9 PROVIDING NEEDED FINANCIAL SUPPORT TO CHILDREN AND RECOVERING PUBLIC ASSISTANCE COSTS Under ACF regulations, collections relating to past due child support should be distributed between the NCP family and the State when the family has received or is receiving public assistance. We found that collections under the insurance intercept program resulted in both increased financial support to children and recovery of public assistance costs. Providing Needed Financial Support To Children Of the estimated 3,052 NCP insurance payments, our review showed that 78 percent of them (2,373 families) included families with household incomes barely above the Federal poverty level. Assisting families in collecting child support helps them sustain a better standard of living rather than just getting by on public assistance programs. Based on our sample results, we estimate that the State s insurance intercept program provided $5.4 million in increased financial support to 2,373 families. Below are two examples where the unpaid financial support was significant. The insurance intercept program identified an insurance claim for an NCP that owed $22,641 in outstanding child support. The insurance company intercepted $22,641 from the claim settlement. The State IV-D agency forwarded the full amount to the NCP s children. The intercept program identified an insurance claim for an NCP that owed $23,032 in outstanding child support. The insurance company intercepted $13,215 from the claim settlement and forwarded this amount to the State IV-D agency. The full amount of the intercepted payment of $13,215 was forwarded to the NCP s children. Recovering Public Assistance Costs We found that 56 percent of the estimated 3,052 NCP insurance payments cases (1,722 families) had or were receiving public assistance and collections from intercepted insurance payments offset $4.4 million in related costs (Federal share $2.2 million). Public assistance costs includes expenditures for Temporary Assistance for Needy Families, Title IV-A (TANF) and IV-E (Foster Care) programs. Examples of insurance intercept collections that provided substantial recoveries of public assistance costs for taxpayers included: The State IV-D agency retained of $24,868 from an intercepted claim payment. This payment represented the full amount of the NCP s outstanding child support. The State IV-D agency retained $15,000 from an intercepted claim payment. 4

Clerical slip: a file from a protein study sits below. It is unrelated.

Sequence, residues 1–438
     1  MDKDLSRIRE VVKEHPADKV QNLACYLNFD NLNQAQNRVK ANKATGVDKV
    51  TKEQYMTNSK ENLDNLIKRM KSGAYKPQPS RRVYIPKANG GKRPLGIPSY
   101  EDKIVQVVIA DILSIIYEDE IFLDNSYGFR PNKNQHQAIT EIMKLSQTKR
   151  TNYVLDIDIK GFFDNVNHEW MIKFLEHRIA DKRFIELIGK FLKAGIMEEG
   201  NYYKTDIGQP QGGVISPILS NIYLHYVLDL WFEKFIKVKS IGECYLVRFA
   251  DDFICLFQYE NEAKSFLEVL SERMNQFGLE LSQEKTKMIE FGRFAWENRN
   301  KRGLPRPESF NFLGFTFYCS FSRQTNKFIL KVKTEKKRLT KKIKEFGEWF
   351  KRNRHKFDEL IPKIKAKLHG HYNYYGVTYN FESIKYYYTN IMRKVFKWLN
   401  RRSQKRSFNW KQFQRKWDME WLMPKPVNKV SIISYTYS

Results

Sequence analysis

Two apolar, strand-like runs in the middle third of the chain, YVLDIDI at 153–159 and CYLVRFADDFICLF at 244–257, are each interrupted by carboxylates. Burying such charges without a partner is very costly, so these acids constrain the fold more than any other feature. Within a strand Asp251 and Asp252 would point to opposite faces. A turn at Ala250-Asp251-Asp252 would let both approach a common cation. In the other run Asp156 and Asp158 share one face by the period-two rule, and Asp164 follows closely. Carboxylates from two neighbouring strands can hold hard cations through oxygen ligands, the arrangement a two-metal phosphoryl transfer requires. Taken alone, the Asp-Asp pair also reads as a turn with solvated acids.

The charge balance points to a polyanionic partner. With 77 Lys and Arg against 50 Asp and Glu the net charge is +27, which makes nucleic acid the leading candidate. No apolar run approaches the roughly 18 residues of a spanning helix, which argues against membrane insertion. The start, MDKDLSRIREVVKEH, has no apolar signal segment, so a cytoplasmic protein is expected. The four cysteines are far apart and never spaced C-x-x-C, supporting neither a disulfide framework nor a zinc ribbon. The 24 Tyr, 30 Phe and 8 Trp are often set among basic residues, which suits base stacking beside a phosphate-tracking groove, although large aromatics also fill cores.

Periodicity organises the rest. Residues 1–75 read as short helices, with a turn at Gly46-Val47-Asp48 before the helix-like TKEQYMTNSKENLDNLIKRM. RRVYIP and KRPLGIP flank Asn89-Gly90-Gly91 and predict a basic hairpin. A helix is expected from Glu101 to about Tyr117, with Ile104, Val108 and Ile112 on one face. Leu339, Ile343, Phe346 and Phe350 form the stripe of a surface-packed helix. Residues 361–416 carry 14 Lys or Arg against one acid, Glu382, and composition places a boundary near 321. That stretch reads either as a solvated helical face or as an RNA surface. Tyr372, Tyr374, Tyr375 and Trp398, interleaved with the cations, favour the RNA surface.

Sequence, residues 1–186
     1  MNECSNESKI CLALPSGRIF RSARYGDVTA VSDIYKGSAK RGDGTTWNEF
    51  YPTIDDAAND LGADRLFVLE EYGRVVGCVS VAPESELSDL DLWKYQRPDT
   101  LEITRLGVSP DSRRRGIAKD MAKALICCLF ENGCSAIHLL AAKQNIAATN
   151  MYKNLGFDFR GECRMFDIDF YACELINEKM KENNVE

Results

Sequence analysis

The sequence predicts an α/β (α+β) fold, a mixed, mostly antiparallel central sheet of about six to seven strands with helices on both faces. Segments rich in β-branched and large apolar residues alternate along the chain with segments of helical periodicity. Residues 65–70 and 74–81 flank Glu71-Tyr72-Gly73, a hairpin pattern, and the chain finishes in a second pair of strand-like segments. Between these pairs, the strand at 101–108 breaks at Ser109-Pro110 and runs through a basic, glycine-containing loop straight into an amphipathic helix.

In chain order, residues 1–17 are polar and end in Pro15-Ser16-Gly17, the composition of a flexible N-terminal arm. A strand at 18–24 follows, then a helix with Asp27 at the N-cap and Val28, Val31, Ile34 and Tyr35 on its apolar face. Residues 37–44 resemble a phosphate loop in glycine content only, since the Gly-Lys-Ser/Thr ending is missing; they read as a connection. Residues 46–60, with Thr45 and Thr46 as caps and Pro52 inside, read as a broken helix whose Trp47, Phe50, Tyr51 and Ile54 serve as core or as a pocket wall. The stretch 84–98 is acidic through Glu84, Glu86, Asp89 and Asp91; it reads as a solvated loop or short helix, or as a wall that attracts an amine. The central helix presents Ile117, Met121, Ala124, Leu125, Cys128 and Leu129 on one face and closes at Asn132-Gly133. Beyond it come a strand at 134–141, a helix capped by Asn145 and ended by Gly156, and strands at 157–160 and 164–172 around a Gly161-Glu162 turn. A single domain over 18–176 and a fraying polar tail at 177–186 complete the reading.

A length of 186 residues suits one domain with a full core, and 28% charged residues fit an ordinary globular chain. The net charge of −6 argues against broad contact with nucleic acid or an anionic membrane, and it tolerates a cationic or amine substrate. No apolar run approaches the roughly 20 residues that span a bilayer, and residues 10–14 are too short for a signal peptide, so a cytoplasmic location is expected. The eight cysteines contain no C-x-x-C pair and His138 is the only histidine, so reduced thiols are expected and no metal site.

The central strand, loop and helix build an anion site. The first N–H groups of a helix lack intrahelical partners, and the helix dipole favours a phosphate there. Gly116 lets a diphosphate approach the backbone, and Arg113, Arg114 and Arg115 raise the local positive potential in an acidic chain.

10 Other Amounts Collected The remaining $768,000 ($10.6 million less $5.4 million to NCP children and $4.4 million to the public assistance programs) included: collections retained by the State for penalties (these penalties are deducted from insurance intercept payments only after the full amount of outstanding child support is satisfied), payments pending distribution, and residual amounts returned to NCPs. ATTRIBUTES OF THE STATE S INSURANCE INTERCEPT PROGRAM Below are four attributes that contributed to the program s results: We found that the success of Massachusetts insurance intercept program is attributable to the significant average collections per case. As shown in Figure 1, collections from the estimated 3,052 intercepted insurance payments averaged $3,225 per case. In comparison, the Federal tax program averaged $891 per case at the national level and $752 per case for Massachusetts, although the tax intercept program covers a much larger number of individuals. 2 The range of collections from insurance payments intercepted was between $500 and $30,951. $3,500 $3,000 $2,500 $2,000 $1,500 $1,000 $500 $0 $3,225 MA Insurance Int ercept $891 Fed Tax Of f set - Nat ional $752 Fed Tax Of f set - MA Figure 1 Comparison of Average Collections for Insurance and Tax Intercepts The use of an electronic (computer based) medium to identify potential matches. The State s intercept program provides insurance companies with the following two options: o accessing the State IV-D agency s delinquent NCP database on a case by case basis, via social security number, through a website maintained by the State. The website is updated monthly with the IV-D agency s database; or o providing claimant information to the State IV-D agency and waiting up to ten business days for the results of the State s match. The State manually enters relevant information into its child support system to identify individuals with past due child support. The State notifies the insurance companies when claim payments should be intercepted. 2 Based on most recent data available from the FY1998 Office of Child Support Enforcement Annual Report. 5